The Ofsted School Inspection Handbook (August 2016) includes numerous references to the responsibilities placed on a school in relation to safeguarding, specifically online safety. Inspectors make judgements about online safety in many areas of their evaluation schedule. The grade descriptors make reference to: school culture, active promotion of pupil welfare, pupils feeling safe, staff training, multi-agency working, pupil voice, prevention of bullying, and pupils’ understanding of the dangers associated with online technology.

Empowering pupils to help each other

Henry Platten is the founder of multi award-winning eCadets, the UK’s first structured eSafety scheme, which empowers pupils to help their classmates with eSafety through ongoing internet and social media safety training for 3-18 year olds. He understands the pressures placed on schools to ‘teach’ children online safety.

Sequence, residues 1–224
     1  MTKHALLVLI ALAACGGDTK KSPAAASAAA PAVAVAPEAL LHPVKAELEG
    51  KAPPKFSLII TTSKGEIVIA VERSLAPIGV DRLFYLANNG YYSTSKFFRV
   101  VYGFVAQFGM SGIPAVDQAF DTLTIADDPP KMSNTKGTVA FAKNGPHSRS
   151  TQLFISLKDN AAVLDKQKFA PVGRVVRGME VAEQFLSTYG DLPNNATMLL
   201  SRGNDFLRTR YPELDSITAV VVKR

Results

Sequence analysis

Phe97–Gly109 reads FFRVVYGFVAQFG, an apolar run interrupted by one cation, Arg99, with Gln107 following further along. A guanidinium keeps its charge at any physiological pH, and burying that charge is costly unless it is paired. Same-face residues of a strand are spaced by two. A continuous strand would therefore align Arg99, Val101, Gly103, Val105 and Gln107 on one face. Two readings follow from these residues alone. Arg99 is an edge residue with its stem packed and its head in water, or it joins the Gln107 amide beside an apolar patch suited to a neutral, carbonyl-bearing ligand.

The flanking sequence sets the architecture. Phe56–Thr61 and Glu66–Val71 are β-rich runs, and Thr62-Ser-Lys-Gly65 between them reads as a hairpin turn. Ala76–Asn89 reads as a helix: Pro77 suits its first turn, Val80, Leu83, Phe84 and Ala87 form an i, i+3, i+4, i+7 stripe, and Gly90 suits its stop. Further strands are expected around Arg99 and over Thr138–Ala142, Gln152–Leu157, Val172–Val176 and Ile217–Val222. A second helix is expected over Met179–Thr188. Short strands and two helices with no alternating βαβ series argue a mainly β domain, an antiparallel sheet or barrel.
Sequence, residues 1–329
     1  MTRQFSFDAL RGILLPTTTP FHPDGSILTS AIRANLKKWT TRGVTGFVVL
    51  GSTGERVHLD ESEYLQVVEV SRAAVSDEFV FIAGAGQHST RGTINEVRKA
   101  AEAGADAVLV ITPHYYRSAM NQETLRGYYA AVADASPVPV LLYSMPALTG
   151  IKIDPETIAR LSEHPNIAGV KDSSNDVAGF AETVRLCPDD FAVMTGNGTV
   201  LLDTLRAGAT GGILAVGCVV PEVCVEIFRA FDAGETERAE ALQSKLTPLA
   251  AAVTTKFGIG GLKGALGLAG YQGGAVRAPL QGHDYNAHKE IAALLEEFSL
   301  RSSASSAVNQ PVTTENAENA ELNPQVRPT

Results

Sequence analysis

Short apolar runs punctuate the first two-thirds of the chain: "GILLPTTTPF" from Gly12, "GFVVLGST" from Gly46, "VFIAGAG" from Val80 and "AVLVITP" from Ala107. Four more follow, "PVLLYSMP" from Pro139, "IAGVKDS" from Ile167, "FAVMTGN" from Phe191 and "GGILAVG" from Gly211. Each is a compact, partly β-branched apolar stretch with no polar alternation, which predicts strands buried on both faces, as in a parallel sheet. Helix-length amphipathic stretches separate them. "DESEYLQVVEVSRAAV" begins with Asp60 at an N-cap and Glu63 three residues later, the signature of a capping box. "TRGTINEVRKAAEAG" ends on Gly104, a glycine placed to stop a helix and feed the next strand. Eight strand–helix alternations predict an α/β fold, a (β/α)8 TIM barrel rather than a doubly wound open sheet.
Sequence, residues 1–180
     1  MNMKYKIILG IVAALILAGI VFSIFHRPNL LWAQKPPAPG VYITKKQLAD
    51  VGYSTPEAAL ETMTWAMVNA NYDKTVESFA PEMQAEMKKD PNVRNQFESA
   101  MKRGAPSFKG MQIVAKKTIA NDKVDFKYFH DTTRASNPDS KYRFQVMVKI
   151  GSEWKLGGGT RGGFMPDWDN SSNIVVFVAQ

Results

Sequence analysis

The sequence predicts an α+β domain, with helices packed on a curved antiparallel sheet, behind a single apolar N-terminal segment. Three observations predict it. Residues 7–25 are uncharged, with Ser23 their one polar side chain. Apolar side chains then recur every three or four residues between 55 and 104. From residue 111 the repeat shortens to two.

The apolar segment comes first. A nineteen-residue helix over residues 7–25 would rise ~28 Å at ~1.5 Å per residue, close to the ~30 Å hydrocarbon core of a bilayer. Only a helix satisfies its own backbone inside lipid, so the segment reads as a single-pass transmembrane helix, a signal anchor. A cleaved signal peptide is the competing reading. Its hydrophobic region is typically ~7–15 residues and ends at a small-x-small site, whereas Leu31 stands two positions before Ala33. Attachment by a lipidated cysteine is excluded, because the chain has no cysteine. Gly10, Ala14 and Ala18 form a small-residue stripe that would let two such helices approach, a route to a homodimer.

He recognises that schools cannot do this on their own, for a variety of reasons:

Pressures of time
Time (the lack of it) is a significant factor in any school. There are continual calls for schools to do better. We don’t necessarily disagree with that: it isn’t about doing more, it’s about doing better. That isn’t to suggest that schools are doing a poor job, because in our experience they aren’t. It’s suggesting that technology is moving forward at an incredibly fast rate, so our understanding of the use of that technology and the ways in which behaviours can change as a result isn’t always up to speed.

Knowledge and experience